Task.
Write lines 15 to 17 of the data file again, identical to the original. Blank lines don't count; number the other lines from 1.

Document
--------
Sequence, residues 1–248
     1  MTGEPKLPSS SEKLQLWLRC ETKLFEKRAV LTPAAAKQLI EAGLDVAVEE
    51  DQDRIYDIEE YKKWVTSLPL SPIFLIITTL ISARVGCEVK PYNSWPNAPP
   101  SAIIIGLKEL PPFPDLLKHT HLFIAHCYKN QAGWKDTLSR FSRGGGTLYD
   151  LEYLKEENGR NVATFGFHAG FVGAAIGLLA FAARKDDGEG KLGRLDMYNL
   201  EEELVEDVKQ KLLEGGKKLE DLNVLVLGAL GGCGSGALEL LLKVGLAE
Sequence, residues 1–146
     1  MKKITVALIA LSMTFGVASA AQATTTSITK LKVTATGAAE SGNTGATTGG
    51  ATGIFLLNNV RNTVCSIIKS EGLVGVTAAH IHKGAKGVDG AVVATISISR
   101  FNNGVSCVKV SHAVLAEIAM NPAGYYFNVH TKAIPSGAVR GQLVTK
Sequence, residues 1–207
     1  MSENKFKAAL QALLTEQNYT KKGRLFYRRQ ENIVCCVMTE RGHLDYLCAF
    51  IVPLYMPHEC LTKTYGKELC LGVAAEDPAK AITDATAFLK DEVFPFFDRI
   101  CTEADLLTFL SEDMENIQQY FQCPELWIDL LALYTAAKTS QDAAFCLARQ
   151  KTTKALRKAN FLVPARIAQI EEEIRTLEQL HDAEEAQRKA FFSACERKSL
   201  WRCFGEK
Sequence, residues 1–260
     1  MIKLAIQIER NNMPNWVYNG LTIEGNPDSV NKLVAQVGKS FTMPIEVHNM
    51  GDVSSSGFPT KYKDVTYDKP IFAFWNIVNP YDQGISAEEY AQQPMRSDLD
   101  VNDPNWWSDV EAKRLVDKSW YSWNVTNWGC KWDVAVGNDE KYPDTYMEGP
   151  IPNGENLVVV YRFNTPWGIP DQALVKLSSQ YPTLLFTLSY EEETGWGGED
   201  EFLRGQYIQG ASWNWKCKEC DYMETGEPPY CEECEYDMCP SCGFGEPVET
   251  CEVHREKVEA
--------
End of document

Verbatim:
   151  KTTKALRKAN FLVPARIAQI EEEIRTLEQL HDAEEAQRKA FFSACERKSL
   201  WRCFGEK
Sequence, residues 1–260